After that, the tour was great, especially when we were getting to California for the first time. I remember at one show Gene Hoglan stopped by, the guys from Autopsy, et cetera. It was just surreal, after listening to Dark Angel all my teenage years, to see him at our show, and I was writing letters with Autopsy since the late 1980s tape trading days. I even drew a cartoon impression of the band and sent it to them long before that, and when I saw Chris [Reifert], he said, “Yeah, we all live together and we have that cartoon up in our living room!” That is one of my best memories. That is what is so great about metal: just timeless camaraderie and global brotherhood, you know?
The second pressing is now underway – Thanks for making the 1st 1000 copies a success!
Still need a copy? Orders can be taken care of here.
To give you a ‘feel’ for the text…here is the first of a series of excerpts….
Dan Swanö talks about recording Dissection’s The Somberlain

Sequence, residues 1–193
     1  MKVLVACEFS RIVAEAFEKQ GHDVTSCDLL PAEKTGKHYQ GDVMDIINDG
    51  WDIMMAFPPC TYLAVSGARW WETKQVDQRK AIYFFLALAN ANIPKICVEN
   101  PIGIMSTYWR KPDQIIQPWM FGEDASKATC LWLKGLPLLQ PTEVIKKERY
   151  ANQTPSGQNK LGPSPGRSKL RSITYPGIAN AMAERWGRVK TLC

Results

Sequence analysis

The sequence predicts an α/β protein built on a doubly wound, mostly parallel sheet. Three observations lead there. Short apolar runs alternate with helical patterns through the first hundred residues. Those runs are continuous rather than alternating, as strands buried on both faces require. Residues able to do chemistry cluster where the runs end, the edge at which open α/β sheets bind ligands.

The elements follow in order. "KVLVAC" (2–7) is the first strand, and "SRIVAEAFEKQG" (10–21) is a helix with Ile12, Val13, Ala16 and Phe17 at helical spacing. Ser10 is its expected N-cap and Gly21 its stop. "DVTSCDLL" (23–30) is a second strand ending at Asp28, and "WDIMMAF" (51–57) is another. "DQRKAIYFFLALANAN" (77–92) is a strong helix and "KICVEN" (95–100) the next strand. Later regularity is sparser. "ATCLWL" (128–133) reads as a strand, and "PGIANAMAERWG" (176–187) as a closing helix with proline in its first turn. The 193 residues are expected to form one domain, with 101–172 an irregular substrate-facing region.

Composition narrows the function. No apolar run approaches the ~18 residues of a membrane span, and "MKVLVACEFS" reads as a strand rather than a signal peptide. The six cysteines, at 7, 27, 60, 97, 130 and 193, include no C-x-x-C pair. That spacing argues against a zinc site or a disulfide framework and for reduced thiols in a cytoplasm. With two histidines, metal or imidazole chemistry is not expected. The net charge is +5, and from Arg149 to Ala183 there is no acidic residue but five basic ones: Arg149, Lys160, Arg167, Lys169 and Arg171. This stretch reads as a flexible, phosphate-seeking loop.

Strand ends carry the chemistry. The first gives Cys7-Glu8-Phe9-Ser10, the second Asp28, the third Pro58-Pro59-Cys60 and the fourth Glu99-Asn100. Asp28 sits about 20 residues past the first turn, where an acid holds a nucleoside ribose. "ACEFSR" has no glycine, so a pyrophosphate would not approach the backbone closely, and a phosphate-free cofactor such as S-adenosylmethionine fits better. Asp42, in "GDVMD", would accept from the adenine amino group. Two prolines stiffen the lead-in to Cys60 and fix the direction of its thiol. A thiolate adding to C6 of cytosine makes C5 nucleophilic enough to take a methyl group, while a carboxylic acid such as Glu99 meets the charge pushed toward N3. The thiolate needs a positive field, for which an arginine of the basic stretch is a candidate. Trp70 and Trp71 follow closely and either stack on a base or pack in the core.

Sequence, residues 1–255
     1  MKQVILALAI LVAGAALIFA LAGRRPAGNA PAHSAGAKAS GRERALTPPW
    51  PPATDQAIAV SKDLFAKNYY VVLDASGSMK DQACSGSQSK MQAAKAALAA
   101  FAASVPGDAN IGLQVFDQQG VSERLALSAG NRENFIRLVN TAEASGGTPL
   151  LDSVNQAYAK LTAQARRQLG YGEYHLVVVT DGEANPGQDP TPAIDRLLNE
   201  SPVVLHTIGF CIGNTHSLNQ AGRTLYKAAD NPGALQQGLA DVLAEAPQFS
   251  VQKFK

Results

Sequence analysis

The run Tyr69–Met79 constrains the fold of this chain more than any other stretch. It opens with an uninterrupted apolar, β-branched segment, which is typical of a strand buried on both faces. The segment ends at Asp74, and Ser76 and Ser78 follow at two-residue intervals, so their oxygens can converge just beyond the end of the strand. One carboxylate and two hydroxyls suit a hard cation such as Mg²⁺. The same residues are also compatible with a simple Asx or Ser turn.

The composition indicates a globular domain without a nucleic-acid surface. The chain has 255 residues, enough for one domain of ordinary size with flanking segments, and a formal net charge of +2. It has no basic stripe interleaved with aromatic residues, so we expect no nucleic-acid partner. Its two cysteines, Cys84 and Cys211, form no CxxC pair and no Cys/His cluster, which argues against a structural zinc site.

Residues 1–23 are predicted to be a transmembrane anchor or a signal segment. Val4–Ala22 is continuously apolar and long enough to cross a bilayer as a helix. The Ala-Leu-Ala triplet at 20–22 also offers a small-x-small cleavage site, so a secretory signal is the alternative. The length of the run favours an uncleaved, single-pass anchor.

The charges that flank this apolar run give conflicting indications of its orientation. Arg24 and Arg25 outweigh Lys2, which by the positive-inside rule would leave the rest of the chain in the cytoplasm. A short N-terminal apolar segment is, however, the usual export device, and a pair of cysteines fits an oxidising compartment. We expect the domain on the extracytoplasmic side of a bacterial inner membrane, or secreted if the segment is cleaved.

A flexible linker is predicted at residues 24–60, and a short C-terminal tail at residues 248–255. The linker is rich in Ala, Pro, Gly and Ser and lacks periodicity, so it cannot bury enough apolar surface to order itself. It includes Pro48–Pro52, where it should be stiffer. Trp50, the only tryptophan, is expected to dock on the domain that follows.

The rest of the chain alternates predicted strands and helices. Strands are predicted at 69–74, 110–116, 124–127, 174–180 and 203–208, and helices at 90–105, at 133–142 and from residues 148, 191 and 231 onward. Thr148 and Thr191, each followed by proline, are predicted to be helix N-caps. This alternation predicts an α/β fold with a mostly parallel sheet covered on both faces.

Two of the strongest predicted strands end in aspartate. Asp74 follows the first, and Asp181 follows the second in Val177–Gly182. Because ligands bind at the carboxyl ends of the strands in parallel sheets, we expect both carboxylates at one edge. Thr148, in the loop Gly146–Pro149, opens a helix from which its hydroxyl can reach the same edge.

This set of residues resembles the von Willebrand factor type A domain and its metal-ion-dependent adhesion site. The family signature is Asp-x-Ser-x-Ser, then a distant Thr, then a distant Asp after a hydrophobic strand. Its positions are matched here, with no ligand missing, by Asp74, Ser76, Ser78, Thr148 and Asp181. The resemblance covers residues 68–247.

From those early sessions, the best experience was really a tie between Dissection’s The Somberlain and Opeth’s Orchid. Early on I didn’t get to work with that much talent, but later on that got a lot better. There were a lot of bands that got out of the noise of their rehearsal rooms for the first time, into kind of a proper studio, and some were just not ready. Dissection was completely different. They recorded EPs and demos before, and I was not taking their “studio virginity” like with Marduk or Katatonia. With Dissection, all of the songs were ready, and they were recorded a couple of times before, and the only song that was new at the time of the recording was the opening song Black Horizons. Jon [Nödtveidt] actually played all the guitars and bass on that one ’cause he kind of wrote it just a few days before they came to the studio. With that session I was really enjoying it, ’cause on top of being well prepared, the songs were really, really good. I remembering hearing songs like Frozen or The Somberlain, with all these fantastic guitar harmonies, and it made me think, “If I am recording bands that are this good, this is a cool thing to be doing for a living.” In this way, The Somberlain was recorded with bass, two guitars and drums at the same time. Then, as soon as we were ready, we just backed up the tape, and Jon and the other guitar player put the headphones on and overdubbed themselves one more time. So we had two guitar tracks from each player. It was the only way; there were no weird cues or click tracks. No scratch guitars were ever recorded; it was just the takes. Later I eventually got a machine where I could punch in and out, but because the drums would sometimes get into the guitar mics or the punch-ins were weird, I’d try to track the songs in one take.”